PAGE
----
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NPS History E-Library

Civil War Series

The Battle of Fredericksburg



By now two o'clock had come and gone. It was at about this time that Burnside learned of Franklin's failure, ascribing it to a feeble effort. Convinced the Confederates had been shaken and that they might have shifted some of their strength to Franklin's front, Burnside decided to forgo fancy military tactics and simply hit both wings of Lee's army with everything he had, reverting to his plan of December 11. He directed Franklin to marshal his entire force for a direct assault on Jackson—which Franklin had already made, contrary to Burnside's intentions—and he ordered Hooker to pound Marye's Heights once again.

Franklin was in no mood to assault that wooded ridge again, for David Birney had just finished throwing back Jackson's counterattack. Franklin responded that he would do his best, yet most of his considerable strength remained idle. Hooker rode into Fredericksburg and conferred with Couch, who wanted to make a stab on the far right, where he had originally intended Howard to strike. Couch believed such an assault would work if Hooker used some of the four divisions he had left, but Hooker doubted whether the heights could be carried at all. He sent an aide to Burnside with that opinion, but the commanding general insisted that he cooperate. At that Hooker turned away from Couch and rode personally to general headquarters to persuade Burnside the attack should be called off. Meanwhile, one of his divisions fell into the fight behind the mass of mixed commands on the plain beyond the city.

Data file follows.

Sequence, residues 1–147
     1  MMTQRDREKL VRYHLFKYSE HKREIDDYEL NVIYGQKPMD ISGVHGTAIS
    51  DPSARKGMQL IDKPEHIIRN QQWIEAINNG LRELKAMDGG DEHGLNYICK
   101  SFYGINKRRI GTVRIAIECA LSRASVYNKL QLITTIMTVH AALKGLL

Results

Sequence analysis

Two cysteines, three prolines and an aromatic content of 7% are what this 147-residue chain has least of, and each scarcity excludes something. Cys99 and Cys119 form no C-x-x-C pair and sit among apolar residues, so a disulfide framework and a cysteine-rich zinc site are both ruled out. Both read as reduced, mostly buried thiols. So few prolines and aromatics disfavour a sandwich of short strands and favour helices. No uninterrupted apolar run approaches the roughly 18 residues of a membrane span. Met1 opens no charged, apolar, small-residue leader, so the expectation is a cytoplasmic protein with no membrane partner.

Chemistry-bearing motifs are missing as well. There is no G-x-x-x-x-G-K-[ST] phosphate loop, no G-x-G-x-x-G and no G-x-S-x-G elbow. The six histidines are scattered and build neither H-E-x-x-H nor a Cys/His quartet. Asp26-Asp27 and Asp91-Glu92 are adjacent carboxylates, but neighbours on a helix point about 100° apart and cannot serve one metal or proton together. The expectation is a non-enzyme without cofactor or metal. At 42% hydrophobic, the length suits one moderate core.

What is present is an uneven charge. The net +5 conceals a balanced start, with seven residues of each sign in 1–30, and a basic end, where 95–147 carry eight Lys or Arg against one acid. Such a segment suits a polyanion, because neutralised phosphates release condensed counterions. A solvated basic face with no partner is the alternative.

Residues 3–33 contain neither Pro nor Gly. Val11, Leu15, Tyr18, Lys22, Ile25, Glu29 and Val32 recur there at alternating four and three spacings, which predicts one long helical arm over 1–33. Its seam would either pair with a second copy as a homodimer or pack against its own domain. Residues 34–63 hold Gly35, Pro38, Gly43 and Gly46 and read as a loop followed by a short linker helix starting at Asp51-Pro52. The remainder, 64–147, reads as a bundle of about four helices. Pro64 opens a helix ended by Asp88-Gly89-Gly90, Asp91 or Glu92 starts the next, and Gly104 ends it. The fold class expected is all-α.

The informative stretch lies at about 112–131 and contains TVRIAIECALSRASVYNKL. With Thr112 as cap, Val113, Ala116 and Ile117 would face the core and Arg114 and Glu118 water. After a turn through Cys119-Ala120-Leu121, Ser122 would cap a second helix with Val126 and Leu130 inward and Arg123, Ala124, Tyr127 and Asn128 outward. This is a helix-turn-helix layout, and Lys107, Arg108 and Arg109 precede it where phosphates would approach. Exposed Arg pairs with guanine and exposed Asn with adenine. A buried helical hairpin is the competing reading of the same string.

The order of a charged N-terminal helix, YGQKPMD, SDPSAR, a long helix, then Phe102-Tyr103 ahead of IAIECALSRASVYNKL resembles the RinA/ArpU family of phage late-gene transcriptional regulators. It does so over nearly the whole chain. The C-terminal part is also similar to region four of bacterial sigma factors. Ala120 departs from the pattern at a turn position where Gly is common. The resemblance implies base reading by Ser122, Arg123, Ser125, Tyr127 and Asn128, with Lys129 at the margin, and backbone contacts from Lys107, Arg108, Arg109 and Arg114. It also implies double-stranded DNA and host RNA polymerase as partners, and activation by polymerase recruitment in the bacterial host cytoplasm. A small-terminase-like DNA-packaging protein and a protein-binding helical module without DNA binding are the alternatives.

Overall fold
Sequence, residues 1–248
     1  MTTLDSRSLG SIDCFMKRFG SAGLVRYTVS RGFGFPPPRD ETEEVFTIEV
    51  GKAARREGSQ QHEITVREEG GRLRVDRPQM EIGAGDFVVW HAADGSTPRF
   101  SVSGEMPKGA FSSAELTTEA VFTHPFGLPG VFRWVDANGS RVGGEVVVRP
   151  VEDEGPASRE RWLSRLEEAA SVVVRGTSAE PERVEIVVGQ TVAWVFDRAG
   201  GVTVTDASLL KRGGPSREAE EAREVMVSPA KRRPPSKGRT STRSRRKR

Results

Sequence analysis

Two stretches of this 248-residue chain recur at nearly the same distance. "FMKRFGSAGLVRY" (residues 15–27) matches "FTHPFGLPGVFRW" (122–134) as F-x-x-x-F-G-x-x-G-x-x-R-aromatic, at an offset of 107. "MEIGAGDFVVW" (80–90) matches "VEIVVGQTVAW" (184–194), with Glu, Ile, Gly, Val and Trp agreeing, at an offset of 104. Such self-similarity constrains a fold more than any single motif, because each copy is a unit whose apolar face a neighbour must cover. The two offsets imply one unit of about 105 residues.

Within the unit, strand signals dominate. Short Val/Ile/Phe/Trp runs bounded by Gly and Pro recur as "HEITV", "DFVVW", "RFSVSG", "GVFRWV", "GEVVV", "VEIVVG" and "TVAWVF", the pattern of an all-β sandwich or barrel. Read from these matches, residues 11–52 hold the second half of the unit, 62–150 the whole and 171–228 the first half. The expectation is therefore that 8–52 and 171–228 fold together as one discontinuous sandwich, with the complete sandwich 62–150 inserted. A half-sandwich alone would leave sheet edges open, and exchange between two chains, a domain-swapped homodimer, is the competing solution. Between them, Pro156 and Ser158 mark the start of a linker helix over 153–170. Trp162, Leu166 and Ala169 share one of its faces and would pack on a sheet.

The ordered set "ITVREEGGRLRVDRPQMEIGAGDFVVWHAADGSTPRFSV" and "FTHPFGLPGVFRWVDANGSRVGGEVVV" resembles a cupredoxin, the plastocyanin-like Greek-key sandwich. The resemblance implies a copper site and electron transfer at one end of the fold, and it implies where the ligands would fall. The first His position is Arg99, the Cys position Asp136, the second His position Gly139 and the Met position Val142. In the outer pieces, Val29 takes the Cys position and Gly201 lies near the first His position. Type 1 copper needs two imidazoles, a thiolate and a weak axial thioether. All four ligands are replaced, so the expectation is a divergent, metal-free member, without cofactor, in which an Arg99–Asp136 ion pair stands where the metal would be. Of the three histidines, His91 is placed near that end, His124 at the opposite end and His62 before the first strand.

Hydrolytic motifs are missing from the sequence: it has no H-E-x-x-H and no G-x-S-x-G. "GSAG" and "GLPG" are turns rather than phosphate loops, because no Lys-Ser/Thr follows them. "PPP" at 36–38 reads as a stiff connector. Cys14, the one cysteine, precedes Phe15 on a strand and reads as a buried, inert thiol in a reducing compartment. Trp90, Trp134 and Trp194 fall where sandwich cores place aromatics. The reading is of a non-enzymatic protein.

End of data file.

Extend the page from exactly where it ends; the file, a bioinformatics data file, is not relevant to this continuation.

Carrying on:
At 3:40 P.M. two officers on either end of Burnside's line scribbled exaggerated descriptions of the situation before them. On the left, General Hardie jotted down Franklin's pessimistic assessment of his own plight: two of his divisions were broken down, he said, and all the rest (but one) were engaged. Hardie promised that Franklin would make an attack if he could, but his message lacked enthusiasm. At the same instant, on the right, one of Hooker's corps commanders relayed an incorrect report that Couch had carried Marye's Heights and wanted more support. Hooker had found Burnside only a few moments before, and Burnside decided to go for broke. He told Hooker to go back into the city and press his attack, fully expecting that Franklin would do the same.

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